Born: Monday, January 16th, 1854
Died: Sunday, January 13th, 1929
Birthplace: Sylvania, Indiana
Education: Earlham College (1872-1874)
Union College of Law, B.L. (1877)
Career: Bellingham City Attorney (1891-1896)
Superior Court (1896-1900)
President, Seattle Bar Association (1915)
Served: Wednesday, March 20th, 1901 to Tuesday, October 7th, 1902
Also Served: Monday, January 12th, 1903 to Monday, January 11th, 1909
Chief Justice: Monday, January 14th, 1907 to Monday, January 11th, 1909
Political Party: Republican
Appointing Governor: Rogers (Democrat)Judge Hiram Hadley’s ancestors were devout Quakers of Scottish and English descent. His parents, Jonathan and Martha (McCoy) Hadley, lived on a homestead inherited from Jonathan’s father in west-central Indiana. Hiram, the eldest of three sons, was born in the homestead farm’s log cabin. He received his early education in Rush Creek School near his home and later attended Bloomingdale Academy and Earlham College, both affiliated with the Society of Friends. He taught school to finance his college education. The future jurist enrolled in the Union College of Law in Chicago-later Northwestern University School of Law – graduating in 1877. He began practice in Bloomington, Illinois, where he remained until 1881. While in Illinois, Hadley took an interest in politics, gaining election as president of the Young Men’s Garfield Club. He returned to Rockville, Indiana, to practice law in his native county, remaining until 1889. At the urging of a friend who wrote glowing accounts of the Pacific Northwest, Hadley gave up a promising legal and political career in Indiana to resettle in Sehome (Bellingham), in the new State of Washington.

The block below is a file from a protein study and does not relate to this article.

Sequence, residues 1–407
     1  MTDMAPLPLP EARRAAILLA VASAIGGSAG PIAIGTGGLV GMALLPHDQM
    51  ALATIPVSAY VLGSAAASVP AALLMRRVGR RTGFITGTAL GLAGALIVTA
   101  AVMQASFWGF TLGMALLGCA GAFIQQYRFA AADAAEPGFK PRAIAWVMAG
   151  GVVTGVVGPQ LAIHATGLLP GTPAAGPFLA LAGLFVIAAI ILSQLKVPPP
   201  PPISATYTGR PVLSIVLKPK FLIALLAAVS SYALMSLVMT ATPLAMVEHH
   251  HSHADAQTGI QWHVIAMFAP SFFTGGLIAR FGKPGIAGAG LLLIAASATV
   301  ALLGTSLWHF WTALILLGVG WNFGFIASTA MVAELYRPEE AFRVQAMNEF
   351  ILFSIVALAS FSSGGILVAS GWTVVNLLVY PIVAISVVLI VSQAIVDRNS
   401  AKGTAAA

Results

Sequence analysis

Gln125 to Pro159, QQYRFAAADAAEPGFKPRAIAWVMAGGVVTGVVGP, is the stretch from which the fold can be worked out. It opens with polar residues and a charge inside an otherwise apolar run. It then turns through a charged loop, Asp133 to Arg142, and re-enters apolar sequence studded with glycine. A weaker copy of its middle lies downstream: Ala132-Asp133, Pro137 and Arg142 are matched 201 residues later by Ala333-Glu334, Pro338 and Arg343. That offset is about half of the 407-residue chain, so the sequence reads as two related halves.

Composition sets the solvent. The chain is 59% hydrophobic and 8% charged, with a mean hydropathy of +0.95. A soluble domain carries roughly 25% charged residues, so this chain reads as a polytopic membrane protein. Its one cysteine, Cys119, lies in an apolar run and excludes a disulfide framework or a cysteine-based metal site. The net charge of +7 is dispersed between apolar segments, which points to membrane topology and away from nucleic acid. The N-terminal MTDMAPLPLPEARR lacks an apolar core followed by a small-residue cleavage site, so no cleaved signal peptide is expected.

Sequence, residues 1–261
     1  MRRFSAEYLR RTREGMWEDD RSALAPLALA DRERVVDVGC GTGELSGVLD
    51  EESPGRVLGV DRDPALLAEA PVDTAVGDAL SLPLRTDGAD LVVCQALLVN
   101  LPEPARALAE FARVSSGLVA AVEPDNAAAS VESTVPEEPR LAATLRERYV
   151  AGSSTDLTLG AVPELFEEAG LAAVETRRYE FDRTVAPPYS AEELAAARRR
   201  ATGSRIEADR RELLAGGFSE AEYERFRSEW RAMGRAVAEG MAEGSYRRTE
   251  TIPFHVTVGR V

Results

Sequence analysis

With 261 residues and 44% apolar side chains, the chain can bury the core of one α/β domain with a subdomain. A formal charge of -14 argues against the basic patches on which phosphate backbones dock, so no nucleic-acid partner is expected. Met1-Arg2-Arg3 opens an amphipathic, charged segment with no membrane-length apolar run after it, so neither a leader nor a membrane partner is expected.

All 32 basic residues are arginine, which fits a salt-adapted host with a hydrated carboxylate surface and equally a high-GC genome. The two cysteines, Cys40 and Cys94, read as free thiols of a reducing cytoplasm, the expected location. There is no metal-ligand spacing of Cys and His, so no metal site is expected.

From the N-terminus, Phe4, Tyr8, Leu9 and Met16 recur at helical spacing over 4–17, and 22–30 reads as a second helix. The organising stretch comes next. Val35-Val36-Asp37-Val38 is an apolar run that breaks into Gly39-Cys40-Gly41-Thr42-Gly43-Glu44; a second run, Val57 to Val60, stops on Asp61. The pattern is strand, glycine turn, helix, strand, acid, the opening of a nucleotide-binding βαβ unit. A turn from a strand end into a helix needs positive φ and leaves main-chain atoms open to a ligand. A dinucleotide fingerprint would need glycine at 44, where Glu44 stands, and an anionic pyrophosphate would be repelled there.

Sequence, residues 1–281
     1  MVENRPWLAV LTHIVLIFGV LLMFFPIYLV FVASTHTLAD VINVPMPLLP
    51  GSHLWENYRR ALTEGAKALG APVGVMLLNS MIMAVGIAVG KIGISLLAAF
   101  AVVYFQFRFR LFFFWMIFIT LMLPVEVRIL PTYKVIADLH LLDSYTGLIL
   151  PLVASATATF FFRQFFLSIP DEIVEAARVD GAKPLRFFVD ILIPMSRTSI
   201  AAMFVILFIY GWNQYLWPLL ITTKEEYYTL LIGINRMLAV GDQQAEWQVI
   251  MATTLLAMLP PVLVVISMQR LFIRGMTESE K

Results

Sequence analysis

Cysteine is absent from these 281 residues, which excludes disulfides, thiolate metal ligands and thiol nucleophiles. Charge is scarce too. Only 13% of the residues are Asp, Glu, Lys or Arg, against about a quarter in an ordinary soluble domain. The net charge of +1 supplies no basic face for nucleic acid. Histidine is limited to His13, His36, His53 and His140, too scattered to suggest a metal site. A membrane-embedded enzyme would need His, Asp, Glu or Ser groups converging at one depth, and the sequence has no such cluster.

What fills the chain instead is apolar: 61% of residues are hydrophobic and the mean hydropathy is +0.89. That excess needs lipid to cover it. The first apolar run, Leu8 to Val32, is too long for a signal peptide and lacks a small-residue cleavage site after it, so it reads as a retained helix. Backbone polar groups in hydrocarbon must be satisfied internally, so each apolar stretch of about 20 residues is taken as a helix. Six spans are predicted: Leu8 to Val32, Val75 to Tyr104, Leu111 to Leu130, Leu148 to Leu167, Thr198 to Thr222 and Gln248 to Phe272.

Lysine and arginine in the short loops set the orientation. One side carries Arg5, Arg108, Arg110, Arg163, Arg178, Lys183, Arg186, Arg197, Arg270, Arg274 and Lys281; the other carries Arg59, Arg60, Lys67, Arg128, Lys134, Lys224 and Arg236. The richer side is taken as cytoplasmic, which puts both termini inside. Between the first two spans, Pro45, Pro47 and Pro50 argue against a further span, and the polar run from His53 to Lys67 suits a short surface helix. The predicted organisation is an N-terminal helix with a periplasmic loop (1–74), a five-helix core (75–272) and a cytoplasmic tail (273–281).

Two years after arriving in Washington, Hadley formed a law partnership with Thomas Slade and his brother Lindley Hadley, who later was elected to Congress. He started a new partnership a few years later with Charles Dorr, Lindley, and the third Hadley brother, Alonzo. In 1891 Hiram won election as city attorney for Bellingham, then called New Whatcom. As city attorney he was instrumental in consolidating the four rival communities surrounding Bellingham Bay into the new City of Bellingham.
Hadley became one of the few Republicans to survive the Populist-Democratic sweep in the county and state in 1896 when voters elected him to the Whatcom County Superior Court. Endorsed by all three parties for a second term on the trial bench, he ran unopposed. People often cited the bipartisan support Hadley enjoyed as an example of the way judges should be endorsed, and it provided a forerunner for the nonpartisan ballot instituted a few years later. A later newspaper account explained Hadley’s broad appeal:
In 1900, before the days of a non-partisan judiciary, he had as high an honor paid him as any man could receive. A committee of three lawyers, a Democrat, a Populist and a Republican, went before each of the three party conventions in Whatcom County and asked that no one be nominated to succeed Judge Hadley. This was granted and Judge Hadley was elected to succeed himself by unanimous vote.